Supreme Council Calls for Shiite Revolt

M. Junaid Alam redjaguar at attbi.com
Wed Mar 26 10:24:46 MST 2003


I knew these guys were being opportunistic, but the time doesn't really
seem particularly opportune.
--
Iraqi Shi'ite Opposition Calls for Revolt
Wed March 26, 2003 12:05 PM ET

ZUBAYR, Iraq (Reuters) - Unrest rippled in the Iraqi southern city of
Basra on Wednesday but it was unclear how serious or widespread the
opposition was to the ruling Baath party of President Saddam Hussein.
As an Iraqi Shi'ite opposition group called for the Iraqi people to
revolt against Saddam, a British minister and military officers said
some unrest was evident and it appeared that local supporters of the
president had been firing on their own people.

But correspondents in Basra for Qatar's Al-Jazeera television and for
Abu Dhabi Television reported on Wednesday they had seen no signs of
unrest.

Al-Jazeera reporter Mohammed al-Abdallah said: "The streets of Basra are
very calm and there are no indications of violence or riots. There are
no signs of the reported uprising.

"All we can hear are distant explosions in the southeast, and we believe
fighting is going on there."

Britain's defense minister said there had been disturbances in Basra,
with residents "rising up" against Baghdad and Iraqi government militia
attacking them.

"Whether it is still happening remains unclear," Defense Secretary Geoff
Hoon told BBC radio in London.

Hoon said: "Certainly there have been disturbances with local people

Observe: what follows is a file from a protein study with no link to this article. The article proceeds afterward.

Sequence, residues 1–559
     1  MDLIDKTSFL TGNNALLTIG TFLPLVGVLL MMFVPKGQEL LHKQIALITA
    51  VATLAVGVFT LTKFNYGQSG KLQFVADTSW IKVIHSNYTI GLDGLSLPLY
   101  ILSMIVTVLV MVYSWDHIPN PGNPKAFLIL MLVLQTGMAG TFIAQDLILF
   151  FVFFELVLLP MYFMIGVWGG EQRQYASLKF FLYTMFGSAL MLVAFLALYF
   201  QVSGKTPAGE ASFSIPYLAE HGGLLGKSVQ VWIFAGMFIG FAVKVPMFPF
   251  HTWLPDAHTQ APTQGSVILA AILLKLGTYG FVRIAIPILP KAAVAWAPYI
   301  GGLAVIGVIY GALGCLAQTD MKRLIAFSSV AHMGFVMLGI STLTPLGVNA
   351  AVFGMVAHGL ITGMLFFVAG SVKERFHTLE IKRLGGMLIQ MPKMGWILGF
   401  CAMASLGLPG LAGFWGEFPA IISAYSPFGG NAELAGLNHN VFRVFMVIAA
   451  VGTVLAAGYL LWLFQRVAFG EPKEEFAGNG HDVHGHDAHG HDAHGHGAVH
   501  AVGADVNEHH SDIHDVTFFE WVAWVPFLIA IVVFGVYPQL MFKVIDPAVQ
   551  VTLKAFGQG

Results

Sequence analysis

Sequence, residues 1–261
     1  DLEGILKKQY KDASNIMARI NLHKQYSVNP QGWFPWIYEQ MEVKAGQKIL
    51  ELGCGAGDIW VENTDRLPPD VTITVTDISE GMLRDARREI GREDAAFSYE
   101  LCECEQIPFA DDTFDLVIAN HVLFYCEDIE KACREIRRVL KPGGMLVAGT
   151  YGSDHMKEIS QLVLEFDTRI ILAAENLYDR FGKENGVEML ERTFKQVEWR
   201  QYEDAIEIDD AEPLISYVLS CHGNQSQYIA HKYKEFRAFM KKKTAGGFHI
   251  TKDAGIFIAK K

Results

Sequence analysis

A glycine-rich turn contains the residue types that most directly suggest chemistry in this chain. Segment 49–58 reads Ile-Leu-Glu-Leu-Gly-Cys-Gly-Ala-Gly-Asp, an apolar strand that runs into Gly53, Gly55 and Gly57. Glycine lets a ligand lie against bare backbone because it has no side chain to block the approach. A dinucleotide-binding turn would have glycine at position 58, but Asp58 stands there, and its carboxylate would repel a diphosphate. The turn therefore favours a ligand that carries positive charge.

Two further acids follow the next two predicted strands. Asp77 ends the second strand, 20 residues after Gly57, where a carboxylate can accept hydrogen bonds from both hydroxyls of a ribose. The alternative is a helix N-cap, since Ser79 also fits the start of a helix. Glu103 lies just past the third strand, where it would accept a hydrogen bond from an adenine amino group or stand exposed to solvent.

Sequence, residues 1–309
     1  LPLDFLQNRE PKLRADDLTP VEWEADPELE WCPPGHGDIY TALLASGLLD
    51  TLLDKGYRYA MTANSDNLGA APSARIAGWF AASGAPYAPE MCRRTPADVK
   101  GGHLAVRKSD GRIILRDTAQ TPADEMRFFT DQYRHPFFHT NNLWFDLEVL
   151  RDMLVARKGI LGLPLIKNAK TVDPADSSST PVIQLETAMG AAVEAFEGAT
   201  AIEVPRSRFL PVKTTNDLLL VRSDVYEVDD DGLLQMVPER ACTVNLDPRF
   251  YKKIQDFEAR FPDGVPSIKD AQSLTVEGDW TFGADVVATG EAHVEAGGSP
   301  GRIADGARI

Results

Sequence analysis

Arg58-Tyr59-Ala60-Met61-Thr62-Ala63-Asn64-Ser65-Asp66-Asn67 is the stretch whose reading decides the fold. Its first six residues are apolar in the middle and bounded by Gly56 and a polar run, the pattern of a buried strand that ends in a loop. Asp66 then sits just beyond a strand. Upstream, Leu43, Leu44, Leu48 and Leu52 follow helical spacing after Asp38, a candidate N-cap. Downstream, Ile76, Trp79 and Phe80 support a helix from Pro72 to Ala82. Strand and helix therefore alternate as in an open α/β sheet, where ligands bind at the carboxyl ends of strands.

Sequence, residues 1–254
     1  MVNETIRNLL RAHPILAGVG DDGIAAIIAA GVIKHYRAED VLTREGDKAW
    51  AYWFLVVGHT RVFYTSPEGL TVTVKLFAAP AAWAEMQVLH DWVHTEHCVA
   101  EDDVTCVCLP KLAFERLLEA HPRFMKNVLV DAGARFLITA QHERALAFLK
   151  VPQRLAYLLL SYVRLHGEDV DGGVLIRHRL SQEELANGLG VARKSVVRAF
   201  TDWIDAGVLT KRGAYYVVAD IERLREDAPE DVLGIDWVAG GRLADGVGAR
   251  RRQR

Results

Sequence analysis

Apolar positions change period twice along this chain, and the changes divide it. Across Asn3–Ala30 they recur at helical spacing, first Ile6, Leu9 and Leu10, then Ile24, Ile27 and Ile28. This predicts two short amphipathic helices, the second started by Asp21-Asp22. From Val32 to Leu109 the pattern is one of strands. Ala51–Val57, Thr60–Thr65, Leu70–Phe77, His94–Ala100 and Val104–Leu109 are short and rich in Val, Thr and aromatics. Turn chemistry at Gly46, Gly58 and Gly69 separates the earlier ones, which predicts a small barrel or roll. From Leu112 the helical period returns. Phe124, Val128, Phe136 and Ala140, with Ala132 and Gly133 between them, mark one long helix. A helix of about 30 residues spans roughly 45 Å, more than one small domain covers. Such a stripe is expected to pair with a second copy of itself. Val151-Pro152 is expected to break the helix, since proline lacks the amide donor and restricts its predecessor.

rising up against the regime.

"We know that there have been attempts by regime militia to attack those
people, their own people, to attack them with mortars, machinegun fire,
rifles and so on."

He said British forces stationed around Basra, a Shi'ite Muslim city
with a history of opposition to the Sunni-dominated Iraqi government,
had not witnessed the uprising at first hand but had learned of it
through "various sources."

Basra was the scene of a failed Shi'ite insurrection after the 1991 Gulf
War.

An opposition group leader, Mohsen Hakim, said widespread demonstrations
had been held in parts of Basra on Tuesday.

Hakim, of the Tehran-based Supreme Council for Islamic Revolution in
Iraq (SCIRI), said there had been clashes between local people and the
security forces.

Many civilians were injured, he said.

"Opposition groups ... ask the Iraqi nation to be fully prepared to rise
against Iraq's dictatorial Baath regime, to free cities and villages,"
he said.

SCIRI spokesman Abu Islam also said earlier there had been disturbances
in Basra on Tuesday, but he did not think these added up to a popular
uprising.

Basra is Iraq's second largest city and many of its people have been cut
off from water supplies for several days, with aid agencies warning of a
humanitarian crisis developing there.

The International Committee of the Red Cross said on Wednesday that
technicians and ICRC engineers had managed to start up three out of six
back-up generators for the water plane but more spare parts were needed.

"The ICRC estimates that 50 percent of the city's approximately 1.5
million inhabitants now have access to drinking water."


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